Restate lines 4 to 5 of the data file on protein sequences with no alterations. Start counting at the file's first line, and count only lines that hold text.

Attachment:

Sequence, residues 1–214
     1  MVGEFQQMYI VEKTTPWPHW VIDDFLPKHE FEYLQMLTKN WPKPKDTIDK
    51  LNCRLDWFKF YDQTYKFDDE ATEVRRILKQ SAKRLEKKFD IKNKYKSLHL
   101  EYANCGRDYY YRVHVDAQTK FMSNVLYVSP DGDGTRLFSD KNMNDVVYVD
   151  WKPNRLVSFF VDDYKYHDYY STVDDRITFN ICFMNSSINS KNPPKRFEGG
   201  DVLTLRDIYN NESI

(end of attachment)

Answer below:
   101  EYANCGRDYY YRVHVDAQTK FMSNVLYVSP DGDGTRLFSD KNMNDVVYVD
   151  WKPNRLVSFF VDDYKYHDYY STVDDRITFN ICFMNSSINS KNPPKRFEGG